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Milne, David

  • AGOAC0012
  • Person
  • 1882-1953

David Brown Milne (Burgoyne, Ontario 1882 – Bancroft, Ontario 1953) was a painter and etcher; he is widely considered to be among the most outstanding Canadian artists. He worked as a schoolteacher before deciding to study painting in New York where, in 1903, he enrolled in the Art Students’ League. Milne supported himself through commercial artwork but actively and successfully developed his own painting, exhibiting five canvases in the famous Armory Show of 1913. His friends during this period included James (“René”) Clarke, with whom he maintained a correspondence for many years. In 1916, Milne and his wife Patsy (née May Frances Hagerty), whom he had married in 1912, left the city and settled in Boston Corners, New York. In late 1917 Milne joined the Canadian army as a private, and in 1918 was appointed as a war artist to record the locations of battles that had involved Canadian troops. Milne returned to Boston Corners in 1919, where he spent most of his winters until 1928, summering in the Adirondacks. He moved to Ottawa for one year in 1923, when the National Gallery of Canada bought six of his watercolours. In 1928, Milne moved permanently back to Ontario (he separated from his wife in 1933), spending extended periods of time alone in the wilderness regions north of Toronto. Palgrave, a short drive from Toronto, became Milne’s home from 1930 to 1933, and from 1933 to 1939 he lived in a cabin on Six Mile Lake near Georgian Bay. He maintained an interest in the Toronto art scene and developed a small group of patrons including Alice and Vincent Massey, and Douglas Duncan of the Picture Loan Society, who acted as Milne’s agent and dealer for many years. He met his second wife Kathleen Pavey in 1938 and lived with her from 1939; their only child David Jr. was born in 1941. The Milnes lived in Uxbridge from 1940 to 1946. From 1947 Milne lived and worked at Baptiste Lake, with Kathleen and David Jr. joining him periodically. As Milne’s health deteriorated, the family moved to Bancroft to be closer to Baptiste Lake. Milne died at Bancroft in December 1953. His work is represented in numerous public collections, notably the National Gallery of Canada, the Art Gallery of Ontario, the McMichael Canadian Art Collection and the Winnipeg Art Gallery.

Vale, Florence

  • AGOAC0043
  • Person
  • 1909-2003

Florence Vale, Canadian artist, was born on April 18, 1909 in llford, Essex, England and died on July 23, 2003 in Toronto, Ontario, Canada. Her family immigrated to Toronto two years after her birth, where she grew up with an interest in music. She married artist Albert Franck on June 8, 1929, and together they bought a house on Hazelton Avenue in Toronto which became a centre for artists, writers, musicians, and critics. Florence Vale was the mother of two children, Trudy (who died as an infant) and Anneke.
Florence Vale began to paint with her husband’s paints and brushes in the late 1940’s with no previous artistic training – only what she had learned under the influence of her husband and the artists who visited her home. Her art was influenced by Surrealism, Cubism, Expressionism, and the works of Paul Klee. After her husband’s death in 1973, Florence Vale continued to express her artistic ability with oil paints, collages, and ink, also including her own poetry in some of her works. Many of her works, most prominently after the death of her husband, were erotic, while still viewed by critics as keeping a whimsical, innocent tone. Her art appeared in exhibitions throughout Ontario, with exhibitions also in Quebec and New York, U.S.A. She was associated with the Gadatsy Gallery, Toronto.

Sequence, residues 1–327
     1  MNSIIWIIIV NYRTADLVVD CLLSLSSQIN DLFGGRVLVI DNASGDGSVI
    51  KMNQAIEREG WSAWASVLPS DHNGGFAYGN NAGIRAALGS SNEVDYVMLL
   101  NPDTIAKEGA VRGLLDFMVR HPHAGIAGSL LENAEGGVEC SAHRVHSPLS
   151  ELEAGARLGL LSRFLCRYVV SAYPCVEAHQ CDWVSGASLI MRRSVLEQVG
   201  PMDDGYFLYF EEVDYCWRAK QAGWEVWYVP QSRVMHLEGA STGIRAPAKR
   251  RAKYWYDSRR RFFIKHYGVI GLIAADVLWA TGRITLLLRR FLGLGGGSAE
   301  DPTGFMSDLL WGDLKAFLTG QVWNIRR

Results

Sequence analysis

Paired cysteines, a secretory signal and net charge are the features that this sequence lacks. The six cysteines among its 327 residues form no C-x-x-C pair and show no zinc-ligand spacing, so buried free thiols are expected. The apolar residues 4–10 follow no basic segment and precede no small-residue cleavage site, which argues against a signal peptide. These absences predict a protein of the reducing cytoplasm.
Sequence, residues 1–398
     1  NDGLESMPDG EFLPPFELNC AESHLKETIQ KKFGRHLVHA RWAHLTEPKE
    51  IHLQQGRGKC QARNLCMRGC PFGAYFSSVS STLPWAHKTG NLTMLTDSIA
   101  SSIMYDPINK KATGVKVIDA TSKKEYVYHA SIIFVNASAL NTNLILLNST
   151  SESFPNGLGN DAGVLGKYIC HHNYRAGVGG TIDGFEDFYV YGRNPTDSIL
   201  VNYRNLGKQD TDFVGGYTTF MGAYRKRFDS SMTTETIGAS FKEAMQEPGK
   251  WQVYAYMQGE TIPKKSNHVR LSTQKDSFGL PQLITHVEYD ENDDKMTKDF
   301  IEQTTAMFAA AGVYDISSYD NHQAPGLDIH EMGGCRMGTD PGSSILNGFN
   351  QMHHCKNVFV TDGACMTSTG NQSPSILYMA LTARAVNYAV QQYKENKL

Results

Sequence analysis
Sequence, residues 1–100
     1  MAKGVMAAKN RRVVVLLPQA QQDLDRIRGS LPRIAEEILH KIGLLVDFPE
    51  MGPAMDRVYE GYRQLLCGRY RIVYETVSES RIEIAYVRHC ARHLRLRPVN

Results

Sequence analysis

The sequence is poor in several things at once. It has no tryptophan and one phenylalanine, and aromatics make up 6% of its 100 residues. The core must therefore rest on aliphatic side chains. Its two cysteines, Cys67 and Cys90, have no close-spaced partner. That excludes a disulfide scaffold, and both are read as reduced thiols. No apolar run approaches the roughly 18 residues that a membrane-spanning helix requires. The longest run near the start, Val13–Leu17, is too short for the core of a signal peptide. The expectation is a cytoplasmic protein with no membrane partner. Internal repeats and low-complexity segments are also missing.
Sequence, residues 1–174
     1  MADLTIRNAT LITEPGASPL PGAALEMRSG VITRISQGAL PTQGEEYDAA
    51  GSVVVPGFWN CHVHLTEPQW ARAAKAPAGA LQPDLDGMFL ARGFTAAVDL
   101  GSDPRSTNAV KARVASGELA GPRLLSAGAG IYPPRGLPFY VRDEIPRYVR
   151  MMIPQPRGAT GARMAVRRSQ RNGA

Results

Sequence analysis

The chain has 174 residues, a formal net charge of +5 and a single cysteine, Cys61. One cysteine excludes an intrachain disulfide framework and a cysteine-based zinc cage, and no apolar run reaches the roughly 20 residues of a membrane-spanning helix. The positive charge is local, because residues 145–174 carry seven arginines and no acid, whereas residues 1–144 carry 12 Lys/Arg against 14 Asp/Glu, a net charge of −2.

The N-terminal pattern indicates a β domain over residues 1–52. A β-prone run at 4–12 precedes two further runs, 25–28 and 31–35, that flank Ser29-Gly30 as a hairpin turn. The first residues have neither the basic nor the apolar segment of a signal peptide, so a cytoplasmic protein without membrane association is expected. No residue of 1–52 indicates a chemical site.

Hagan, Frederick, 1918-2003

  • AGOAC00059
  • Person
  • 1918 - 2003

Robert Frederick Hagan, painter, printmaker and educator, was born in Toronto, Ontario in 1918. He was educated at Central Technical School (Toronto) and the Ontario College of Art. From 1941-1946, Hagan was employed as Resident Artist and Master at Pickering College in Newmarket, Ontario. In the spring of 1946, Hagan journeyed to New York for further studies. Later the same year, he began teaching at the Ontario College of Art. In 1955 he became Head of Printmaking, a position which he held until his retirement in 1983. Frederick Hagan has held memberships in the Canadian Society of Graphic Art (of which he was made an Honourary Member in 1965), the Canadian Society of Painter-Etchers and Engravers, the Ontario Society of Artists, and the Print and Drawing Council of Canada. His work is in the collections of numerous Canadian galleries. Frederick Hagan passed away on September 6, 2003 at the age of 85.

Snow, Michael, 1929-

  • AGOAC00562
  • Person
  • 1929 -

Michael James Aleck Snow (1929- ) is a Canadian painter, sculptor, filmmaker, photographer and musician. He was born in Toronto and educated at Upper Canada College and subsequently at the Ontario College of Art (1948-1952). After travels in Europe (1953-54) he worked for Graphic Films in Toronto (1955-56), producing his first independent film, A-Z. His first solo exhibition as a painter was at the Greenwich Gallery in Toronto in 1956. Between 1961 and 1967, mostly while living in New York, Snow produced work in the Pop-art mode based on the silhouette of a young woman, entitled Walking Woman, probably his most widely recognized creation. A series of 11 stainless steel sculptures of the image was created for the Ontario pavilion at Expo 67 and is now in the collection of the Art Gallery of Ontario. After moving to New York in 1964, he made films regarded as Minimalist, such as New York Ear and Eye Control (1964) and Wavelength (1966-67). Returning to Toronto in 1972, Snow worked mainly on cinematic and photographic projects including ‘Rameau’s Nephew’ by Diderot (Thanx to Dennis Young) by Wilma Schoen. His work is concerned with the nature of media themselves, with perception and with the interrelation of language, sound and meaning. Snow has been the subject of exhibitions and retrospectives in Toronto, Vancouver and Paris.

Challener, Frederick S., 1869-1959

  • AGOAC00487
  • Person
  • 1869 - 1959

Frederick Sproston Challener, painter, was born in Whetstone, England in 1869 and came to Canada in 1870. He studied at the Ontario School of Art, was first exhibited in 1900 at the Royal Canadian Academy and subsequently worked as a newspaper artist. After a tour of Europe and the Middle East in 1898-99, he began working as a muralist and participated in the decoration of the recently completed Toronto City Hall. At the end of the First World War, Challener worked as a painter for the Canadian War Records Department. He made his career chiefly by creating murals for passenger boats, restaurants, hotels—such as Fort Rouillé in the King Edward Hotel,Toronto—office buildings and theatres, including the Royal Alexandra Theatre in Toronto. He also produced easel paintings, watercolours and drawings in a realistic, romantic style. From 1927-1952 he taught at the Ontario College of Art, during which period he made notes and assembled material on Canadian artists. He died in Toronto in 1959. Challener was a member of numerous arts organizations including the Toronto Art Students’ League, Ontario Society of Artists, Royal Canadian Academy, Society of Mural Decorators of Toronto and the Arts and Letters Club of Toronto (founding member, 1908). His work is in the National Gallery of Canada, the Civic Art Gallery, Winnipeg, the Art Gallery of Ontario and numerous public buildings.